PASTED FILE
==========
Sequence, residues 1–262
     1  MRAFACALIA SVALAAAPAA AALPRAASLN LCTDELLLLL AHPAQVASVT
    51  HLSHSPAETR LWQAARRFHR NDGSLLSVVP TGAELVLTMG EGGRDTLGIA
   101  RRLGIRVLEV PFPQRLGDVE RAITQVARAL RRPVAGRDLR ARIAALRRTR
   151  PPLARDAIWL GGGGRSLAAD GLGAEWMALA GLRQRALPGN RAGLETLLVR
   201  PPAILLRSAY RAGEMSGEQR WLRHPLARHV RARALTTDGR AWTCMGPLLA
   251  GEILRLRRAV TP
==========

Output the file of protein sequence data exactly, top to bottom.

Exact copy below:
Sequence, residues 1–262
     1  MRAFACALIA SVALAAAPAA AALPRAASLN LCTDELLLLL AHPAQVASVT
    51  HLSHSPAETR LWQAARRFHR NDGSLLSVVP TGAELVLTMG EGGRDTLGIA
   101  RRLGIRVLEV PFPQRLGDVE RAITQVARAL RRPVAGRDLR ARIAALRRTR
   151  PPLARDAIWL GGGGRSLAAD GLGAEWMALA GLRQRALPGN RAGLETLLVR
   201  PPAILLRSAY RAGEMSGEQR WLRHPLARHV RARALTTDGR AWTCMGPLLA
   251  GEILRLRRAV TP